So point A is at virtual ground in this circuit also. To check the results, compute the

voltage at V2 as follows:

V2 = (voltage at point A) - ER2

V2 = (0 V) - ( +10 V)

V2 = -10 V

You can compute the values for view (C) and prove that point A in that circuit is also at

virtual ground.

7-63. The whole point is that the inverting input to the operational amplifier shown in

Figure 7-12 (for all practical purposes) is at virtual ground since it is at 0 volts. Since the

inverting input is at 0 volts, there will be no current (for all practical purposes) flowing into

the operational amplifier from the connection point of R1 and R2.

7-64. Given these conditions, the characteristics of this circuit are determined almost

entirely by the values of R1 and R2. Figure 7-14 should help show how the values of R1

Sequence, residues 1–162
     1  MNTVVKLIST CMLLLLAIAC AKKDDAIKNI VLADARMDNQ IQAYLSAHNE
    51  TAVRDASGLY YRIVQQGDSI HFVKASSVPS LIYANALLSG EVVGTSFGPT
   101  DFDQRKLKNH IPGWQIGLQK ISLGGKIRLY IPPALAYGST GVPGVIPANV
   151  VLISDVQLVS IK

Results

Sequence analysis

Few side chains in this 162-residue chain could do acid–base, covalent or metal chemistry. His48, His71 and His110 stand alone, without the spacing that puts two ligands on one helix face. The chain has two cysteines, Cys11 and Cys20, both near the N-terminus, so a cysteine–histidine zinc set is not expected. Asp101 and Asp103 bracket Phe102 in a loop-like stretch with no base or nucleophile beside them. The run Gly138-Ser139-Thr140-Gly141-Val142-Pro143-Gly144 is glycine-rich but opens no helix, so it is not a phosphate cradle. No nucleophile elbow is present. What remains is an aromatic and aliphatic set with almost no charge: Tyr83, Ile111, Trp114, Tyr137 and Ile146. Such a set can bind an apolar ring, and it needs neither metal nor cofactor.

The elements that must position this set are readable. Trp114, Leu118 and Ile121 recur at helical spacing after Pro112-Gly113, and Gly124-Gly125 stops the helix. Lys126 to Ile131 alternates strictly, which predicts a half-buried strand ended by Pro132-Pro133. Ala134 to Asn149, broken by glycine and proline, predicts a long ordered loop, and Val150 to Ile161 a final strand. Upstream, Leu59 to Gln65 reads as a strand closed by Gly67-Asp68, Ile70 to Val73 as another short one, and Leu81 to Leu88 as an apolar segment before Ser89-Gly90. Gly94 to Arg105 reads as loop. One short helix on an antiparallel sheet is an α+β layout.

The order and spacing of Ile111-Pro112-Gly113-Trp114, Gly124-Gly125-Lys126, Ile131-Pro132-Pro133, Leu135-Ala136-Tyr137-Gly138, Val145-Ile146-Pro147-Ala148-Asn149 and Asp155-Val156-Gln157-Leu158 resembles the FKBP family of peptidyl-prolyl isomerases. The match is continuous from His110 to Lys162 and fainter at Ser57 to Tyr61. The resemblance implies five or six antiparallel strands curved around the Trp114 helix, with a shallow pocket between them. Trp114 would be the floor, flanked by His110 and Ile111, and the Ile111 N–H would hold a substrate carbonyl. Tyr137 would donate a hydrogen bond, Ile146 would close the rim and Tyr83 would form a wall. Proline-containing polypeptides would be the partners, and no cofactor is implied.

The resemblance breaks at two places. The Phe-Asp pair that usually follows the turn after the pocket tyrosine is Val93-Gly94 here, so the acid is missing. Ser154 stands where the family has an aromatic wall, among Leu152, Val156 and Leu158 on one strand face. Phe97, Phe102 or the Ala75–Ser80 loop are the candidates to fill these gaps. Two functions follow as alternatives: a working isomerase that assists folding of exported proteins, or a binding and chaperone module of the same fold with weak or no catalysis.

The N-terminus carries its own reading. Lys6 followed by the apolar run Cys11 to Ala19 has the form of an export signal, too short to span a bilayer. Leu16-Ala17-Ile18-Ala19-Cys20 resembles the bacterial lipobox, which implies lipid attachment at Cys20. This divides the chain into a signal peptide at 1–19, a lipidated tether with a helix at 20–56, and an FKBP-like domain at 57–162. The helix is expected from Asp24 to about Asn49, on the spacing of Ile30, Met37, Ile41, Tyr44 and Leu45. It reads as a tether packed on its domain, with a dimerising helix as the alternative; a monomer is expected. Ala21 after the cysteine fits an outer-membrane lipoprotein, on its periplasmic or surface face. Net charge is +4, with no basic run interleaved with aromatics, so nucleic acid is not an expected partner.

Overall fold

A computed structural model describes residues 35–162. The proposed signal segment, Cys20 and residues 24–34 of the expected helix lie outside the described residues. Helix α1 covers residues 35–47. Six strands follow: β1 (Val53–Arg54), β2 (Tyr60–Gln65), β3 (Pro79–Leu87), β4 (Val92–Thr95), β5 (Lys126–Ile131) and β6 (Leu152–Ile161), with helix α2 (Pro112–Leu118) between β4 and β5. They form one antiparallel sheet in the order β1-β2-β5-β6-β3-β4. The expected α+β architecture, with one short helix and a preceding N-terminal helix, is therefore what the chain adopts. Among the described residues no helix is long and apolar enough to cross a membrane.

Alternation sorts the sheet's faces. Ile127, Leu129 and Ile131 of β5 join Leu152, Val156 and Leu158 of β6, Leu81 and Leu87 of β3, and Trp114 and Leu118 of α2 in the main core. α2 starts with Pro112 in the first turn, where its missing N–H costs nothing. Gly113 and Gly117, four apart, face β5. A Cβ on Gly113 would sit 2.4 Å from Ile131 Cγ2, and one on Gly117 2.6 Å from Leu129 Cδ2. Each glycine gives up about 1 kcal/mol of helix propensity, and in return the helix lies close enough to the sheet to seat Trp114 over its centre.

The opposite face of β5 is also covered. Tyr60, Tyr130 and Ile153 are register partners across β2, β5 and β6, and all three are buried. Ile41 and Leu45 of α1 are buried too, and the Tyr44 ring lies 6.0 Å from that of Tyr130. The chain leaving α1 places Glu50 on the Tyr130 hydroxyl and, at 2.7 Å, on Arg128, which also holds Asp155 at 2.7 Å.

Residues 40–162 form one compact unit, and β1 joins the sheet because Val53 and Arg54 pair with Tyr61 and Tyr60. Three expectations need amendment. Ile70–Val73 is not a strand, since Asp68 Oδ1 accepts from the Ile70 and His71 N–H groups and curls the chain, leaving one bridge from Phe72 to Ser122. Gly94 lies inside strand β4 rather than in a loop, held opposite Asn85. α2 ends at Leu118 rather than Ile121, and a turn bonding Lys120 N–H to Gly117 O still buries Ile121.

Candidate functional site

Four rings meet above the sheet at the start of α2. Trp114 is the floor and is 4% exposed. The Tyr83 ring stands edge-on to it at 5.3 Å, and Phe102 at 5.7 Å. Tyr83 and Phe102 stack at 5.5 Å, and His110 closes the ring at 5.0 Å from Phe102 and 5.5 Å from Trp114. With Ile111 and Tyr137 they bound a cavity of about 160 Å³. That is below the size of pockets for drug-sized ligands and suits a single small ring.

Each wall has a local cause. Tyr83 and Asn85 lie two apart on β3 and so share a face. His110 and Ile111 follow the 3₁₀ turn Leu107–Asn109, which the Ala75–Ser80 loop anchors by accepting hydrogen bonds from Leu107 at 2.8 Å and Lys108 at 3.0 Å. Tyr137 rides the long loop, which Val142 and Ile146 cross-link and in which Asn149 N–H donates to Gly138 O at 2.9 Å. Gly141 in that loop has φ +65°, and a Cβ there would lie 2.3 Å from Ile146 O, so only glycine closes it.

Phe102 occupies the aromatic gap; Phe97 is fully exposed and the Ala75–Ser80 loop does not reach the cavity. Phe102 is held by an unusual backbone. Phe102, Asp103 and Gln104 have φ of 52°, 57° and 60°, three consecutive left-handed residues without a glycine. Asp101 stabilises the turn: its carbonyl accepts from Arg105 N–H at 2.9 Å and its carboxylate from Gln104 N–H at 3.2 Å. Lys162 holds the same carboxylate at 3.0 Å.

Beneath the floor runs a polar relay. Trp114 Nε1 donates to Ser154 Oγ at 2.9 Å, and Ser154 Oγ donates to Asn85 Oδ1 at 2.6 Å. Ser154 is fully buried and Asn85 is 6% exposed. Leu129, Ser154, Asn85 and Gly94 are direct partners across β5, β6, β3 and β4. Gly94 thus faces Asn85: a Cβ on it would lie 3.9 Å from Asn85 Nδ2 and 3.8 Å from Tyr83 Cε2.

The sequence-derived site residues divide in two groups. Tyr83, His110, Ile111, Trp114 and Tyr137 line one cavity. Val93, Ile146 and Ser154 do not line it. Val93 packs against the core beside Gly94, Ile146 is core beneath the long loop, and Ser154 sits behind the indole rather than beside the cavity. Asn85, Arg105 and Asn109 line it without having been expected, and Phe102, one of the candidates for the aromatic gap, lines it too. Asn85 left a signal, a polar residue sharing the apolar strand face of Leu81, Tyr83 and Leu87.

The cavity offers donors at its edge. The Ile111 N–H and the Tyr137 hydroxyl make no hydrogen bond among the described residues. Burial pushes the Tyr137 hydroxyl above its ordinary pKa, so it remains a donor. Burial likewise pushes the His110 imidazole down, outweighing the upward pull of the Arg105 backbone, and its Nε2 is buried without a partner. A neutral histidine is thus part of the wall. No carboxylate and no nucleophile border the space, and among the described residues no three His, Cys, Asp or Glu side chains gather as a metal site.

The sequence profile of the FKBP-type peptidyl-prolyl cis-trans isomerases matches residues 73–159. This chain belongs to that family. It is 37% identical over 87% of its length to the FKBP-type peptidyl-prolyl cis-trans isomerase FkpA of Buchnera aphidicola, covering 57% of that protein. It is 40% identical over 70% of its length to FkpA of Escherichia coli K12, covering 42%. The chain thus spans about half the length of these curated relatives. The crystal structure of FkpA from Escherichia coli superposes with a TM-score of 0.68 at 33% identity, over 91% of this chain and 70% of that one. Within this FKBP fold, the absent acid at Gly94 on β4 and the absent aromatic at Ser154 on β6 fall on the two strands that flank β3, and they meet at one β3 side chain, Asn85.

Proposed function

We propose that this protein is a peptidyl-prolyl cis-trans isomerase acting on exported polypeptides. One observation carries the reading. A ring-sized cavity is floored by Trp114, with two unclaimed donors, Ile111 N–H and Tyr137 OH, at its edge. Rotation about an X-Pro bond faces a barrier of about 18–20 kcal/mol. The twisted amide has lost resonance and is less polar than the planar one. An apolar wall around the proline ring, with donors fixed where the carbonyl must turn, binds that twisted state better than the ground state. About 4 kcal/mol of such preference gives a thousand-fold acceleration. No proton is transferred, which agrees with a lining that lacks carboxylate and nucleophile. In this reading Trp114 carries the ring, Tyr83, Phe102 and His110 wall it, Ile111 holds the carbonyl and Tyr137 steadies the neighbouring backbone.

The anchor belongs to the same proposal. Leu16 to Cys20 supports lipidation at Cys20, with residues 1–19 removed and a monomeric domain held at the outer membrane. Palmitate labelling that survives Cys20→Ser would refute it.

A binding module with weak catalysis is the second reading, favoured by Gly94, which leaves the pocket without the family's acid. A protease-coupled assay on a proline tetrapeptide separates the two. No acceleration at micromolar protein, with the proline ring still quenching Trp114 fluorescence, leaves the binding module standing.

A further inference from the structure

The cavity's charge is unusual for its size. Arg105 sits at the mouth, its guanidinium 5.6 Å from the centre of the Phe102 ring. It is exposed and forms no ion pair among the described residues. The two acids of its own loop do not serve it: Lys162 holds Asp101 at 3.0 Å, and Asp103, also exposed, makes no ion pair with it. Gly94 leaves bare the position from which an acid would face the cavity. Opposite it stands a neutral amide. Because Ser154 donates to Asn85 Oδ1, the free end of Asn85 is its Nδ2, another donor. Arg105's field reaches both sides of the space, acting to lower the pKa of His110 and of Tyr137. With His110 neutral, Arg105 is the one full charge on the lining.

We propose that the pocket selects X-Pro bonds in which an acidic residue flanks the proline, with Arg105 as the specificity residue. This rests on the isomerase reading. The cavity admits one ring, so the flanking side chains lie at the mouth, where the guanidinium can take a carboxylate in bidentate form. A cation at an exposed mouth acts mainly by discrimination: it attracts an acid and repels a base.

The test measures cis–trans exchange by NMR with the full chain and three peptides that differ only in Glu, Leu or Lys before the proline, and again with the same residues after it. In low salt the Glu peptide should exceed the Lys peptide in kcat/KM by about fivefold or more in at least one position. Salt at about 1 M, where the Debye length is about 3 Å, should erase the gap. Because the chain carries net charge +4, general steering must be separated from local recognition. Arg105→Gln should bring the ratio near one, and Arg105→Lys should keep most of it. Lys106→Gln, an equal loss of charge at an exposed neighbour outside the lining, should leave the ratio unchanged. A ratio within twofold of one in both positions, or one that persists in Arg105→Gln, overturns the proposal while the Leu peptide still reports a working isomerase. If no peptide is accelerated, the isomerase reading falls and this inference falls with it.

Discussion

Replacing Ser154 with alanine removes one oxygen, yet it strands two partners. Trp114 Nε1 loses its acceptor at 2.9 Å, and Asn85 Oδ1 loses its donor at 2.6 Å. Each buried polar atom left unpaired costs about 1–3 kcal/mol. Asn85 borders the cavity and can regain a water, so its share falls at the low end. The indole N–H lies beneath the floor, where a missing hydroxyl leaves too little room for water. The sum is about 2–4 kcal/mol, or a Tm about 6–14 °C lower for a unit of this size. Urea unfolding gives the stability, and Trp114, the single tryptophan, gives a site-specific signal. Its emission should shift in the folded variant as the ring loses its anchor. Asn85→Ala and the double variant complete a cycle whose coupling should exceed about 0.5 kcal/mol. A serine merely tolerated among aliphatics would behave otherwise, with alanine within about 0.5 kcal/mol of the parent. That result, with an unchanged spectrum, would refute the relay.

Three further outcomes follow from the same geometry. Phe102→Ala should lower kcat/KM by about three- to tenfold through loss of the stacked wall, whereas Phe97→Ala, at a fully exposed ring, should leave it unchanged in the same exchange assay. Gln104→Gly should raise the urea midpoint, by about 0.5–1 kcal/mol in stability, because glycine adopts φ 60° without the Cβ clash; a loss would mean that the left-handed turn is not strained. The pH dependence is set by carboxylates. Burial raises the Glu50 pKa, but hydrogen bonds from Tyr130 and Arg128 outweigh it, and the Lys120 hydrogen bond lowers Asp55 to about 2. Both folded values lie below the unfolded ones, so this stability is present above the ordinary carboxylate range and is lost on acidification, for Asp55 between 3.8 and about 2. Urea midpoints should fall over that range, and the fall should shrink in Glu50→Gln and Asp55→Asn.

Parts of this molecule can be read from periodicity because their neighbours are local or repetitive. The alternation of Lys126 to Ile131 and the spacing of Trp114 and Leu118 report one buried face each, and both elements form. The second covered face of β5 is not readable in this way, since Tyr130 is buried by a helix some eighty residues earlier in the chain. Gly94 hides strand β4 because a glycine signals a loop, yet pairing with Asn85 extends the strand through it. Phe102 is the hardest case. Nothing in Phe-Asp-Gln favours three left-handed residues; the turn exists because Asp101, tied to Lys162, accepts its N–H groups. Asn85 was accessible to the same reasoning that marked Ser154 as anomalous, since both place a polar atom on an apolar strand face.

and R2 determine the circuit characteristics.

NOTE: It should be stressed at this point that for purpose of explanation, the

operational amplifier is a theoretically perfect amplifier. In actual practice we

are dealing with less than perfect. In the practical operational amplifier there

will be a slight input current with a resultant power loss. This small signal can

be measured at the theoretical point of virtual ground. This does not indicate

faulty operation.

7-65. As shown in Figure 7-14, the input signal causes current to flow through R1. Only

the positive half cycle of the input signal is shown and will be discussed. Since the voltage

at the inverting input of the operational amplifier is at 0 volts, the input current (IIN) is

computed by using the following formula:

IIN = EIN

R1

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